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I am searching for a wide hat with a right arrow. So far I've found only the regular wide hat (\widehat, shown at the left of the image), or a curved right arrow (\curvearrowright).

Wide had and wide hat with arrow

Is there a way to get something like what I have badly drawn at the right of the image?

share|improve this question
Welcome to TeX.sx!. I have included your image. Soon, you will have enough reputation to do it yourself. – Qrrbrbirlbel Oct 7 '12 at 17:59
Thanks for including the image! – Paul22 Oct 7 '12 at 18:16
up vote 11 down vote accepted

I provide two TikZ solutions.

  1. The first one uses uses an empty node before and after the formula that belongs under the wide hat.
    • Disadvantage: The added vertical height will not be taken into calculation
    • Advantage: Math style (display, text, script, scriptscript) is not effected (other then in the \vphantom.
  2. The second one is a node.
    • Disadvantage: Math style is lost. (Change the first \frac into a \tfrac to realize.)
    • Advantage: Vertical height is known to math mode.

Another disadvantage over \widehat is, that the line width doesn't change over the course of the path.



% Solution 1
\newcommand{\tikzmark}[2][]{\tikz[baseline, inner sep=0, overlay, remember picture] \node[anchor=base] (#2) {\vphantom{#1}};}

    \tikzmark[#1]{widehatarrow\thetikzmark} #1 \tikzmark[#1]{endwidehatarrow\thetikzmark}%
    \tikz[overlay, remember picture] \draw[-to] (widehatarrow\thetikzmark.north)++(.05em,.4ex) -- ($(widehatarrow\thetikzmark.north)!.5!(endwidehatarrow\thetikzmark.north)+(.05em,.8ex)$) -- ($(endwidehatarrow\thetikzmark.north)+(.05em,.4ex)$);%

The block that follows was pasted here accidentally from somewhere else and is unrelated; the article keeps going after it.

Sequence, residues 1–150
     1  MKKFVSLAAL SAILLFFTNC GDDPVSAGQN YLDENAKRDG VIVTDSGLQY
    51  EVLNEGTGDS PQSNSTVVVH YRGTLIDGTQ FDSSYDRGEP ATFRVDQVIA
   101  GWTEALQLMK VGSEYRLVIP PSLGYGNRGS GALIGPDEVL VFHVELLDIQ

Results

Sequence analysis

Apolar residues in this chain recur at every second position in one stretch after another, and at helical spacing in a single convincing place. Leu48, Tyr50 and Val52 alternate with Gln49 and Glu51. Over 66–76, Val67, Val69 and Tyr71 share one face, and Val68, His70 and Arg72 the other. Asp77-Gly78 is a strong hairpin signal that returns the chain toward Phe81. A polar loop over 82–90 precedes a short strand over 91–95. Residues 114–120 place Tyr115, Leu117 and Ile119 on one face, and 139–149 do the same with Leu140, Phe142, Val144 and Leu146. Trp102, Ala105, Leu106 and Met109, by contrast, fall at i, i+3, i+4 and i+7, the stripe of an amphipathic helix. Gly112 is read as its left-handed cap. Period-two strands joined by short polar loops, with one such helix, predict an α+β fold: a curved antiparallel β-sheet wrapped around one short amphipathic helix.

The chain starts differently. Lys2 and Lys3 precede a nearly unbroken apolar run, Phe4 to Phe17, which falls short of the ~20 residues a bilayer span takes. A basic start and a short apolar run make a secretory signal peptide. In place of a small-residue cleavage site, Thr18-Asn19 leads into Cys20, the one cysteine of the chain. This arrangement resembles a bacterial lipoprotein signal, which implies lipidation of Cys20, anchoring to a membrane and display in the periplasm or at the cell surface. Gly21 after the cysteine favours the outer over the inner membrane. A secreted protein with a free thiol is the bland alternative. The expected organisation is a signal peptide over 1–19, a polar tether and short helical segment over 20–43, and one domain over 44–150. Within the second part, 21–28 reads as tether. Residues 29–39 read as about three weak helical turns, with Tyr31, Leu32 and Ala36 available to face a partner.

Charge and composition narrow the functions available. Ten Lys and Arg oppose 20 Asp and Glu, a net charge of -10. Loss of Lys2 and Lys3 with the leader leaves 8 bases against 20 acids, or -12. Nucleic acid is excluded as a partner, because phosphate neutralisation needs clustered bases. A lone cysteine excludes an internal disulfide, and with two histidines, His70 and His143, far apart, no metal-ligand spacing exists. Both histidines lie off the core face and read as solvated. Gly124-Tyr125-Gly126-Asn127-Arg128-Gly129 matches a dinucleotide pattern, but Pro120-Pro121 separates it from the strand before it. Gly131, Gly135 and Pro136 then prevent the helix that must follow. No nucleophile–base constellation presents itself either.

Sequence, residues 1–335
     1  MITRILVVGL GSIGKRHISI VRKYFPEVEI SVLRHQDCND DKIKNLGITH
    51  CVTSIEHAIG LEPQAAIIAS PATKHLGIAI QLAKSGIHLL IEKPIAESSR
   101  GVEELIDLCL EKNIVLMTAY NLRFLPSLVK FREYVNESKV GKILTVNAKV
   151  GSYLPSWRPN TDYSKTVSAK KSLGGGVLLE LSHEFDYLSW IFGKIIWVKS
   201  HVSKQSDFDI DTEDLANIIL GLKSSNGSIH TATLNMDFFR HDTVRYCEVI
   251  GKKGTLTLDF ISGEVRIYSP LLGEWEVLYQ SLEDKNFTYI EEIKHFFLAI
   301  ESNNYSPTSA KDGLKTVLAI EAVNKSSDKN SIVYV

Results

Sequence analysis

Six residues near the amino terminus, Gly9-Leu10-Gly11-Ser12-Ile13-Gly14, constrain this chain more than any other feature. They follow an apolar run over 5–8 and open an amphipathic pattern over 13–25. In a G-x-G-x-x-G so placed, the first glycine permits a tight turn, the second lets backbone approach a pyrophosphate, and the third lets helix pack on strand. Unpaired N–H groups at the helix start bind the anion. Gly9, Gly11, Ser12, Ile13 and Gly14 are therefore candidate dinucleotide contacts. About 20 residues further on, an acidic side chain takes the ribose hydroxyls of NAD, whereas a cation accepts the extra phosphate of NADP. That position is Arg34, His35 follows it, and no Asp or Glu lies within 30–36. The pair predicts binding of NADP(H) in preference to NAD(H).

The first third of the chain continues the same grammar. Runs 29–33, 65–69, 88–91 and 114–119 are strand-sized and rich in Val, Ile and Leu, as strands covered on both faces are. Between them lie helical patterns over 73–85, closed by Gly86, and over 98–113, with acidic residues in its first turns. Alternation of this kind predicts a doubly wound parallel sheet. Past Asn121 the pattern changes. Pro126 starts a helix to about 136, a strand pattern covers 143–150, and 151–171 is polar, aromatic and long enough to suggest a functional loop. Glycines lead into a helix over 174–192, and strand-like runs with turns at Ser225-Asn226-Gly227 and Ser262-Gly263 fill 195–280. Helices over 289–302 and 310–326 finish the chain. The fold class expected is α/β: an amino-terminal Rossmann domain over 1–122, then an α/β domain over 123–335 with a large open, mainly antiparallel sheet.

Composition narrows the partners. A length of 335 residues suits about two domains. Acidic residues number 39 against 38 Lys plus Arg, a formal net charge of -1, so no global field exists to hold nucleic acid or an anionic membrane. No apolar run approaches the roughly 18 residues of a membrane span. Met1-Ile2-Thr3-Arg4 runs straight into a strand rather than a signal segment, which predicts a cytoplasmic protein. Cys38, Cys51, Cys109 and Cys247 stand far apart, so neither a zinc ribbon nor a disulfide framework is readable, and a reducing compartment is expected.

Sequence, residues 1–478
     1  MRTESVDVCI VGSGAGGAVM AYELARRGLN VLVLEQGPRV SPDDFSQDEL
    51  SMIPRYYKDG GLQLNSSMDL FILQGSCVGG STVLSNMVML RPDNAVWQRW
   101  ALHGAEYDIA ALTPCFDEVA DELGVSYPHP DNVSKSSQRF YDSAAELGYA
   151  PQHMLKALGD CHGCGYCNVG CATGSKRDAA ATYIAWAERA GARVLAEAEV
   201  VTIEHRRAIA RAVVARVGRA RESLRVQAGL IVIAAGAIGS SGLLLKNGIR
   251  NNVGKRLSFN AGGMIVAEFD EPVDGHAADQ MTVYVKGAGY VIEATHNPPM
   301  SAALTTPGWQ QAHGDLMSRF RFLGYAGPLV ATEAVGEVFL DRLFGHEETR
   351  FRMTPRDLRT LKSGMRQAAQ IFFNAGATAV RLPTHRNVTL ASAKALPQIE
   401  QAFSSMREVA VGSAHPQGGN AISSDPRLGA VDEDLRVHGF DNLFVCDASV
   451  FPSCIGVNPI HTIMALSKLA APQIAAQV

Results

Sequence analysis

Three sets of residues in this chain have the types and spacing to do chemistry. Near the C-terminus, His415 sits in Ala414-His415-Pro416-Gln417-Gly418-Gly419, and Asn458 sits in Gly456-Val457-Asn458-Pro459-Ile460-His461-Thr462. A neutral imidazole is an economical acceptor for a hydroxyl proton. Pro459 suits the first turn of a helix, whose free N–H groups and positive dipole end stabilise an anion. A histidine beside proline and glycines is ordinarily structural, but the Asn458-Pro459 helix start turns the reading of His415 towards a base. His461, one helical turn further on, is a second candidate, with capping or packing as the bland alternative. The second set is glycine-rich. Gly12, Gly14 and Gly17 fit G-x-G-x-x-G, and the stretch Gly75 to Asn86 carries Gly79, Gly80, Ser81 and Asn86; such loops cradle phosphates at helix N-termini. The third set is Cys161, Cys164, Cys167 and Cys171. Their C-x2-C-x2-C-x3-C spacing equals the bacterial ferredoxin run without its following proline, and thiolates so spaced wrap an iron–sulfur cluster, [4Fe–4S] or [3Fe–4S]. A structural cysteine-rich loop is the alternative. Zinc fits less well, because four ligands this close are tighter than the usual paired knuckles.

% Solution 2
\tikz[baseline] {
    \node[inner sep=0, anchor=base] (widehatarrow){$#1$};
    \draw[-to] (widehatarrow.north west)++(.05em,.4ex) -- ($(widehatarrow.north west)!.5!(widehatarrow.north east)+(.05em,.8ex)$) -- ($(widehatarrow.north east)+(.05em,.4ex)$);%

\begin{equation} % Solution 1
\widehatarrow{A, B} \cdot \widehatarrow{x, y} = \widehatarrow{A, y, B, x}

\begin{equation} % Solution 2
\Widehatarrow{A, B} \cdot \Widehatarrow{x, y} = \Widehatarrow{A, y, B, x}

\begin{equation} % Compare both solutions
 \frac{1}{\widehatarrow{A, B} \cdot \Widehatarrow{A, B}} = \frac{1}{\widehatarrow{A, B} \cdot \widehatarrow{A, B}} = \frac{1}{\Widehatarrow{A, B} \cdot \Widehatarrow{A, B}}


MWE compiled

(By egreg) It's possible to overcome the limitations with \Widehatarrow, by using a \vphantom and \mathpalette:

  \tikz[baseline] {
    \node[inner sep=0, anchor=base] (widehatarrow){$#1#2$};
    \draw[-to] (widehatarrow.north west)++(.05em,.4ex)
     -- ($(widehatarrow.north west)!.5!(widehatarrow.north east)+(.05em,.8ex)$)
     -- ($(widehatarrow.north east)+(.05em,.4ex)$);%

Now the height of \Widehatarrow{AB} will be the same as the height of \widehat{AB} and the sizes will be respected, as shown by trying

share|improve this answer
Anyone, who has an idea how to solve the problems (“disadvantage”), is welcome to comment or point me in the right direction. :) – Qrrbrbirlbel Oct 7 '12 at 18:55
Both problems can be solved with some cognoscenti trickery, for \Widehatarrow. I'll add it to your solution. – egreg Oct 7 '12 at 19:11
The first solution is quite buggy with me (see mirari.fr/BJr2 ) (and it compiles differently every time). Anyway, the second (and its modified version) works perfectly. Thanks! – Paul22 Oct 7 '12 at 20:04
@Paul22 Yes, the first one needs two compilations and is superseded by the second one (especially with egreg's addition), anyway. – Qrrbrbirlbel Oct 7 '12 at 20:24

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